How to Hide an Empire: A Short History of the Greater United States

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How to Hide an Empire: A Short History of the Greater United States

How to Hide an Empire: A Short History of the Greater United States

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Price: £9.9
£9.9 FREE Shipping

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Americans might very well proclaim (and even believe in their hearts) that they are a nation built out of anti-imperialist notions, and by virtue of literally erasing all this history from their textbooks ensure that this image stays intact, but the fact is, US has been an empire and colonized millions of people since the late 19th century and continues to do so till this day. This book makes you aware of the “logo” map (the contiguous 48) of the US and the “pointillist” (all the territories, islands and bases) map.

This was exactly the sort of business that put Washington in favor of enforcing a British-style settlement boundary. But beyond its collection of anecdotes and arcana, this humane book offers something bigger and more profound. More information about the justification for the approximately 800 foreign bases, some of which are very close together, and the means by which the U. Immerwahr is undoubtedly keen to expose the brutal impact on the oft-forgotten territories, to tell the real stories of the people affected, but he also refers to the developments made possible by empire and war. The book is structured in two parts to give even greater clarity, and divides the empire building in a useful way: first a land-driven dominance and second a more logistical, technological approach.The US maintained its empire by codifying standards for everything--from screws to instruments and to stop signs. the book succeeds in its core goal: to recast American history as a history of the 'Greater United States.

Hey, hey, hey, whoa, you need to hold on up there a second buddy – we’re the land of the free, the home of the brave. Eighty Pokémon rattling around in my head before I realized Puerto Rico—the only territory-status-location I knew beforehand because of the NYC Diaspora—had a friend named Guam.Boone himself was a particular threat, since his claims on Kentucky conflicted with Washington’s own. This book changes our understanding of the fundamental character of the United States as a presence in world history. We travel to the Guano Islands, where prospectors collected one of the nineteenth century's most valuable commodities, and the Philippines, site of the most destructive event on U.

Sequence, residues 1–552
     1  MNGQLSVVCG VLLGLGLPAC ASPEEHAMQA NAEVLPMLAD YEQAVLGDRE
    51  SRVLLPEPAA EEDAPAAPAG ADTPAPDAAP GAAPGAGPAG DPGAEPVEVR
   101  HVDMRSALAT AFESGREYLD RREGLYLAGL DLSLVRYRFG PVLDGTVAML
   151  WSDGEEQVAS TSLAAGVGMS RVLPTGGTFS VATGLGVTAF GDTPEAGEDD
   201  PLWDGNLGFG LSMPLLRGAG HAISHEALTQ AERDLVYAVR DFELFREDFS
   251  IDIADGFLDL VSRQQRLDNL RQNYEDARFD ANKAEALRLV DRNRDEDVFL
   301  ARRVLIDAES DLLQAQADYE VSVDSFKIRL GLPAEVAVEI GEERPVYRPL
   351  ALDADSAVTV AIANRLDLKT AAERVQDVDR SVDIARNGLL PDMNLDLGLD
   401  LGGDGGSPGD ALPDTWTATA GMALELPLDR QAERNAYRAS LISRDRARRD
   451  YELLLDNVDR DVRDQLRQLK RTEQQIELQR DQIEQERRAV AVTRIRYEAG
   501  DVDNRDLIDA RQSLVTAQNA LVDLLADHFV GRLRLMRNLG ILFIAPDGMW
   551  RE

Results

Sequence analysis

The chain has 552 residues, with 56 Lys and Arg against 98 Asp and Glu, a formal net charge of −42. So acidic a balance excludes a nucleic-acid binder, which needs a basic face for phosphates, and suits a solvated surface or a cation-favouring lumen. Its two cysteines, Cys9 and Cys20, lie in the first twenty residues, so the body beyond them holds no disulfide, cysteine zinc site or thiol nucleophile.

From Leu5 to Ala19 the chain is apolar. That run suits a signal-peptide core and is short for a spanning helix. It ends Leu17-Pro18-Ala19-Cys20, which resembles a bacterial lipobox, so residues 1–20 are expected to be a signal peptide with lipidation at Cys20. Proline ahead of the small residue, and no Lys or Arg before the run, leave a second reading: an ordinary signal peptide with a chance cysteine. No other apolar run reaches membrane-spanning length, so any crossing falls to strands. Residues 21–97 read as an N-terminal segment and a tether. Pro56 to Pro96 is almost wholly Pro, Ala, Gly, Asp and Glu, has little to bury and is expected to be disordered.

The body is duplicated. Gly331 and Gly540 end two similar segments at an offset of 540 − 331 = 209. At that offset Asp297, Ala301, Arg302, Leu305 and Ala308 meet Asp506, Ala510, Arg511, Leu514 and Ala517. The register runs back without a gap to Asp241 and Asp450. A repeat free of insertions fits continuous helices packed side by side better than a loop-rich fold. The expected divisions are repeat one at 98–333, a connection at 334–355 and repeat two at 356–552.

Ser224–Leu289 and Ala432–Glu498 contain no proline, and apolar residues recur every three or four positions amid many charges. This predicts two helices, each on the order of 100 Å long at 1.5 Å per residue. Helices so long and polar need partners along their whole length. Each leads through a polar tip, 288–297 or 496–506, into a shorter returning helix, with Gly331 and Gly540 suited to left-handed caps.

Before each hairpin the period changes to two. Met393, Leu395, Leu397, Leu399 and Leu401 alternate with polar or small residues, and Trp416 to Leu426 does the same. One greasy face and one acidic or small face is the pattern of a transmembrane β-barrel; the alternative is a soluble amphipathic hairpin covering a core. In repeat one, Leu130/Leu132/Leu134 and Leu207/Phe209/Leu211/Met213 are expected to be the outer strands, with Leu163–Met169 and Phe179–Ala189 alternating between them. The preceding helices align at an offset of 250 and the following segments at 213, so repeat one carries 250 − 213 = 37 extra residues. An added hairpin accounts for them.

Lord Byron, the leading poet of the age, devoted seven stanzas to Boone (the “happiest amongst mortals anywhere”) in his poem Don Juan. In How to Hide an Empire , Daniel Immerwahr tells the fascinating story of the United States outside the United States. It is brilliantly conceived, utterly original, and immensely entertaining - simultaneously vivid, sardonic and deadly serious.If you do decide to read this book, and you should read it, you should also consider reading the Blow Back Series.

Thus the founding document, which went into extravagant detail about amendments, elections, and the division of power, left wide open the question of how much of the land was to be governed. Describing the more subtle approach: changing from a metaphor describing large scale, perhaps clumsy, coverage with the more delicate Impressionist-inspired metaphor, shows Immerwahr at his narrative best. In the long term, he depended on it, both to strengthen the country and to profit from his western estates. Immerwahr provides a riveting breakdown of the latest phase of American empire — the post–World War II era.However, since this engages debate then arguably the pitch is just right as engagement is Immerwahr’s skill. A really interesting read, exceedingly well written, with a lot of terrific human stories and some cracking jokes, even. The country’s anguish, and American indifference to it, persisted into the mid-twentieth century: Immerwahr’s descriptions of how the Filipinos experienced World War II — caught between the Japanese occupiers and an American government much more focused on the war in Europe — are especially disturbing.



  • Fruugo ID: 258392218-563234582
  • EAN: 764486781913
  • Sold by: Fruugo

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